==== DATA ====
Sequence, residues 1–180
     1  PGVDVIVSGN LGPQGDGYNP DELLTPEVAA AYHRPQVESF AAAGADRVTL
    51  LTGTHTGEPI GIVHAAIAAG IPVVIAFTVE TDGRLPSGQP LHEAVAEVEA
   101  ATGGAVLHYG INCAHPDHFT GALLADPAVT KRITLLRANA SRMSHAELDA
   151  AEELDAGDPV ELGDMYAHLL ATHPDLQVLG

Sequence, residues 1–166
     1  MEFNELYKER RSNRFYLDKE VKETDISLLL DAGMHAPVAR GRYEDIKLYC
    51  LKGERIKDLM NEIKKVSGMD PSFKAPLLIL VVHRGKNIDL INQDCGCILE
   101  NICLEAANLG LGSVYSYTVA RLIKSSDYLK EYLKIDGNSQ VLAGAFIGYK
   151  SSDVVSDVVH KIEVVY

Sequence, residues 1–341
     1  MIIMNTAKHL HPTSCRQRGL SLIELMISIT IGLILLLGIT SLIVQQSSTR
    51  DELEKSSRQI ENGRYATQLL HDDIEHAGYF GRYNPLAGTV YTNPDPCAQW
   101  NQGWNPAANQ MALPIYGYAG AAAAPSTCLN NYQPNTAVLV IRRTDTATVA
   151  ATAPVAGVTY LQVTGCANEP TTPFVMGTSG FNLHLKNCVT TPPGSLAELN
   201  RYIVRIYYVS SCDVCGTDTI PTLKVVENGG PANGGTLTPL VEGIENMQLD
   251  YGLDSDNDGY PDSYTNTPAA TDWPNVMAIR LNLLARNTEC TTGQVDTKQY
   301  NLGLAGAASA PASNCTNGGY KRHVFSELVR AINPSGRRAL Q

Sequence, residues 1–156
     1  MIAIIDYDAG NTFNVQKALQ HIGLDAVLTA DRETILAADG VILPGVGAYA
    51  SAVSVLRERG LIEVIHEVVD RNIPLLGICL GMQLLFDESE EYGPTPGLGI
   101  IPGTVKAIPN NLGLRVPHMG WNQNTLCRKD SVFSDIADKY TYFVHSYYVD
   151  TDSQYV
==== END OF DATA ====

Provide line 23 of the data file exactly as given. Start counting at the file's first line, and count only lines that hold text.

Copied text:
   151  TDSQYV